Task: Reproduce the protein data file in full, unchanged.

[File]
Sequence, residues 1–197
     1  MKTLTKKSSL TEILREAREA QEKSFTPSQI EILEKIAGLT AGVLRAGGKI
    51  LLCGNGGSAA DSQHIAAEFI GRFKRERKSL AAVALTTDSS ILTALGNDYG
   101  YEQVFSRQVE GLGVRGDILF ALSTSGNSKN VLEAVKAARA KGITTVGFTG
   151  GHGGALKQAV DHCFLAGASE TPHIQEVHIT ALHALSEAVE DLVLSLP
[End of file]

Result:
Sequence, residues 1–197
     1  MKTLTKKSSL TEILREAREA QEKSFTPSQI EILEKIAGLT AGVLRAGGKI
    51  LLCGNGGSAA DSQHIAAEFI GRFKRERKSL AAVALTTDSS ILTALGNDYG
   101  YEQVFSRQVE GLGVRGDILF ALSTSGNSKN VLEAVKAARA KGITTVGFTG
   151  GHGGALKQAV DHCFLAGASE TPHIQEVHIT ALHALSEAVE DLVLSLP